Hong Kong – John Lee, a firm stance security chief who supervised a crackdown on Hong Kong’s pro-democracy development, was elected as the city’s next chief on Sunday in a vote cast by a mostly pro-Beijing committee.
Lee was the only applicant and won with more than the vast majority of the vote which almost all 1,500 committee individuals were carefully vetted by the government in Beijing.
He will replace the current leader, Carrie Lam starting July 1. Her five term was marked by immense pro-democracy protests calling for a resignation, a security crackdown that has suppressed practically all dissent, the recent covid wave that overpowered the health system – occasions that have sabotaged Hong Kong’s standing as a worldwide business center within Western-style freedoms.
“I look forward to all of us starting a new chapter together, building a Hong Kong that is caring, open and vibrant, and a Hong Kong that is full of opportunities and harmony,” Lee said in his victory speech.
Lam saluted Lee in a proclamation and noted she would present the political decision results to Beijing.
The election followed significant changes to Hong Kong’s electoral regulations last year to ensure that faithful ‘patriots’ loyal to Beijing can take office. The elaborate plans encompassing the predetermined outcome speak to Beijing’s need for a majority rule government. The committee members casted a ballot in secret, and Lee’s 1,416 votes were of the most support ever in the city’s top leadership role.
“Without resistance, Lee would probably have a simpler time governing Hong Kong when compared to Lam,” said Ivan Choy, senior speaker at the Chinese University of Hong Kong’s Department of Government and Public Administration.
“A major reason for easier governance is that the electoral system has changed,” he continued. “In the legislature and the election committee, there is almost no political opposition and the political spectrum is concentrated towards the pro-establishment camp. With no democrats, it will be easier for the chief executive to govern as there are fewer checks and balances,”
The European Union’s international policy chief Joseph Borrell said that Lee’s political decision “violates democratic principles and political pluralism in Hong Kong.”
On Sunday morning, three members from the League of Social Democrats, a local extremist group, protested the election by endeavoring to walk toward the electoral venue whilst showing a flag requesting universal suffrage that would allow Hong Kongers to cast a ballot both for the council and the chief executive.
‘Human rights over power, the people are greater than the country,’ the banner read. “One person, one vote for the chief executive. Immediately implement dual universal suffrage.”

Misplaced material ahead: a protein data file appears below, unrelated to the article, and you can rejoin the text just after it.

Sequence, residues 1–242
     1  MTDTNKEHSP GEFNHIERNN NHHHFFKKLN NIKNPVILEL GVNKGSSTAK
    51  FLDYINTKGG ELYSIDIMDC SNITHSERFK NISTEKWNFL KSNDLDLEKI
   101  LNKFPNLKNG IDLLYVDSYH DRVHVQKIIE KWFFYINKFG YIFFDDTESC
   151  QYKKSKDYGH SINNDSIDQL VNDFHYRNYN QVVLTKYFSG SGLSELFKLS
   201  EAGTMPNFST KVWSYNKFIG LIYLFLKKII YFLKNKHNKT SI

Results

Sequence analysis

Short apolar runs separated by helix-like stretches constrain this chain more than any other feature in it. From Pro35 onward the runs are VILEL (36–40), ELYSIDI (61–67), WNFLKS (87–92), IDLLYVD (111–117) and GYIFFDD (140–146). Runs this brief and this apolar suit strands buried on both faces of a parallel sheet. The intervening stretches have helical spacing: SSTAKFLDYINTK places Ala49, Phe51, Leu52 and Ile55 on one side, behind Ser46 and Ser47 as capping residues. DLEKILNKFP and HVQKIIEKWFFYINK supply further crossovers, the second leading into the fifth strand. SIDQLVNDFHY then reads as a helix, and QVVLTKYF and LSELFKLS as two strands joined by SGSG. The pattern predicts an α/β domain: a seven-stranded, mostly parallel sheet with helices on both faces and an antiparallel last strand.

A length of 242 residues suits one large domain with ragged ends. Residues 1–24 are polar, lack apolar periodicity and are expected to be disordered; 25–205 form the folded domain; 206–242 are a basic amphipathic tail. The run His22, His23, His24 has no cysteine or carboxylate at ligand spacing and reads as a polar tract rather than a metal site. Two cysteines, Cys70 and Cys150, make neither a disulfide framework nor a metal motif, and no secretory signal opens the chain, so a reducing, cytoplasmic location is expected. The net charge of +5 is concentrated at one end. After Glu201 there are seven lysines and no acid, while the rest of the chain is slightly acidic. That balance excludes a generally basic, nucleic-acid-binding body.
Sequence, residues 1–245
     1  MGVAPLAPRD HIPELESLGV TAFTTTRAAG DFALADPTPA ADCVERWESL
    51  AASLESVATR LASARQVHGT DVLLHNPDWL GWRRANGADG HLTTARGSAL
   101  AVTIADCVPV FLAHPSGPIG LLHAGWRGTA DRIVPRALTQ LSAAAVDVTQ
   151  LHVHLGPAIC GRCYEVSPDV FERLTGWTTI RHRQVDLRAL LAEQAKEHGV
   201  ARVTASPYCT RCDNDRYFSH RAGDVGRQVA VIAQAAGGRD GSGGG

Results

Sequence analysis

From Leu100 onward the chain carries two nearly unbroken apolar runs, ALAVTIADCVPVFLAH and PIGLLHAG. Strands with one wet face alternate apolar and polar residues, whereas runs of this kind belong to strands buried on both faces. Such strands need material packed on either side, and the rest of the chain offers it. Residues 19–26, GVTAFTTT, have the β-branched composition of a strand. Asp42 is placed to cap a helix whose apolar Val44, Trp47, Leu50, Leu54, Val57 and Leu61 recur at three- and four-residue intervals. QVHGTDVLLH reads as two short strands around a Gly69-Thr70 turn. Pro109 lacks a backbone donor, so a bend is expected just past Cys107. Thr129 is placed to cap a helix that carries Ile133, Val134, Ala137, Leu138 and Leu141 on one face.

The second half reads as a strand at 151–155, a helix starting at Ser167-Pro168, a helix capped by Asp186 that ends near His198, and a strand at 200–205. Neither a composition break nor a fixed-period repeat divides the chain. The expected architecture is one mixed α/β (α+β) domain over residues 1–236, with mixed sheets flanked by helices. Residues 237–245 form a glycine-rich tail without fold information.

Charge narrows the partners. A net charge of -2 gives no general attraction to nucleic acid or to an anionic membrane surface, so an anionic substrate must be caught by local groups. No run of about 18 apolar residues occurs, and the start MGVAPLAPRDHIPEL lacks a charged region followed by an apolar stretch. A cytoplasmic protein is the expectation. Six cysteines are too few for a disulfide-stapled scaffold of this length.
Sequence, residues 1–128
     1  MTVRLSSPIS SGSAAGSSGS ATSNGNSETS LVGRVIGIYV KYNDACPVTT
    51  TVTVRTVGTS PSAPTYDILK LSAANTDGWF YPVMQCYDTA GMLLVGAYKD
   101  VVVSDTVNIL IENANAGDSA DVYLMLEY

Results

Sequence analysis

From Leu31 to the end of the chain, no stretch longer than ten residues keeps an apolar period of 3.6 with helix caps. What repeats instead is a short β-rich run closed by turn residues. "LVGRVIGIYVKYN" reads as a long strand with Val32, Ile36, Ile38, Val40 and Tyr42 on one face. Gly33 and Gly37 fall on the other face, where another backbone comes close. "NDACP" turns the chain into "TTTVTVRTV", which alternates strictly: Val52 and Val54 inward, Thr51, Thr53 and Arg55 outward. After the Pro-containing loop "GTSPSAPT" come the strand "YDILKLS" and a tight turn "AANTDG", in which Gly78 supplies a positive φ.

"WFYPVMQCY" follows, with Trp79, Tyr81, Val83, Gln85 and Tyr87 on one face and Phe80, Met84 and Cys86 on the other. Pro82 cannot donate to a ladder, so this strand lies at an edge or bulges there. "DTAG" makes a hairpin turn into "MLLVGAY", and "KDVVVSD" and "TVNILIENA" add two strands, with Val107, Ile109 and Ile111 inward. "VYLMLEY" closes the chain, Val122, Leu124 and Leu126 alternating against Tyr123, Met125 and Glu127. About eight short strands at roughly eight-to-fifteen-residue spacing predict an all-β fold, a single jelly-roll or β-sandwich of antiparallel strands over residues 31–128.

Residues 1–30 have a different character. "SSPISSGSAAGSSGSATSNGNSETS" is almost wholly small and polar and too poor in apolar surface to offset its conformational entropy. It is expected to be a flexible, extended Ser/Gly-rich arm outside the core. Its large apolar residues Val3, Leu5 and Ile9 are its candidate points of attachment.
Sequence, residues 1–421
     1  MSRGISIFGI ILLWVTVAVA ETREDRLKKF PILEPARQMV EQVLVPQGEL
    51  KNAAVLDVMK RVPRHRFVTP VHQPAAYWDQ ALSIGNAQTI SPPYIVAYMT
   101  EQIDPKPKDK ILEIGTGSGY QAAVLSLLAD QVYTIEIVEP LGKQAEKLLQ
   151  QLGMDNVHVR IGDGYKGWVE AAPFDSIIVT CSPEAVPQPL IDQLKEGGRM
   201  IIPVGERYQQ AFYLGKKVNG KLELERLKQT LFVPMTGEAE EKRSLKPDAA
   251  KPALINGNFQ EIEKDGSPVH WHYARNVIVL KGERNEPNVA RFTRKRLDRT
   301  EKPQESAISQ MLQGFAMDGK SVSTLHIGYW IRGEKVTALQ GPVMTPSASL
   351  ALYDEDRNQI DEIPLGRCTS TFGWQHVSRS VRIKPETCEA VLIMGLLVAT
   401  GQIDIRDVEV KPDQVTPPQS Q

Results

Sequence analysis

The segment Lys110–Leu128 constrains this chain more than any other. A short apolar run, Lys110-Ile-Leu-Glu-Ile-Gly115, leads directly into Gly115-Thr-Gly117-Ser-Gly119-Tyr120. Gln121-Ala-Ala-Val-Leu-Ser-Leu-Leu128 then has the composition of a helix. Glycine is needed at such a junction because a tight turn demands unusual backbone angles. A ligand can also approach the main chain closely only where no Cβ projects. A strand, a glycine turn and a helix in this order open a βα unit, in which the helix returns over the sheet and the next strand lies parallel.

One protester was passing out flyers before police showed up and cordoned them off. Police additionally looked through the protesters’ possessions and wrote down their personal details, however they made no prompt arrests.
The pro-democracy camp in Hong Kong has long demanded universal suffrage, which they say is guaranteed in its mini-constitution, the Basic Law. It was likewise a critical interest during massive protests in both 2014 and 2019. Lee’s job as Hong Kong’s next commander and chief has stirred up worry that Beijing could further tighten its hold. He spent the majority of his civil service profession in the security department and with police, and is a big fan of public safety regulation forced on Hong Kong in 2020 to get rid of dissent.
As security secretary during 2019 conflicts among demonstrators and police, he managed the utilization of rubber bullets and tear gas while arresting that snuffed out additional protests. More than 150 individuals have been captured under the security regulation, which outlaws terrorism, secession, subversion and collusion with foreign forces in the city’s affairs. Nearly all noticeable pro-democracy activists have been imprisoned, with others escaping abroad or being threatened into silence.
Thousands of occupants have left the city of over 7 million people in the midst of the 2019 protests and ensuing harsh pandemic restrictions, including numerous expatriates and professionals.
In his political race in the weeks leading up to Sunday’s surveys, Lee promised to authorize long-retired local legislations to safeguard against security dangers and promised to increase housing supply in the world’s most costly housing market.
He likewise said that he’d work on the city’s competitiveness and set a strong foundation for the development of Hong Kong.
This story syndicated with permission from For the Love of News
Notice: This article may contain commentary that reflects the author's opinion.
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